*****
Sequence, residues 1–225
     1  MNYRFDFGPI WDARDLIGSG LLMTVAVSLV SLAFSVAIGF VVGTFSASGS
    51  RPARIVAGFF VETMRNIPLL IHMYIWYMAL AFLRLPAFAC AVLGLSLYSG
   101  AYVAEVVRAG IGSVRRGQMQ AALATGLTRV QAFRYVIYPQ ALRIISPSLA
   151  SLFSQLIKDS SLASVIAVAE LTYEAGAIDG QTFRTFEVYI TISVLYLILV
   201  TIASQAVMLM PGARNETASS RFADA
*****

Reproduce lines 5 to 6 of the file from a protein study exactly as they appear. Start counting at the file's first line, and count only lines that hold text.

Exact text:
   151  SLFSQLIKDS SLASVIAVAE LTYEAGAIDG QTFRTFEVYI TISVLYLILV
   201  TIASQAVMLM PGARNETASS RFADA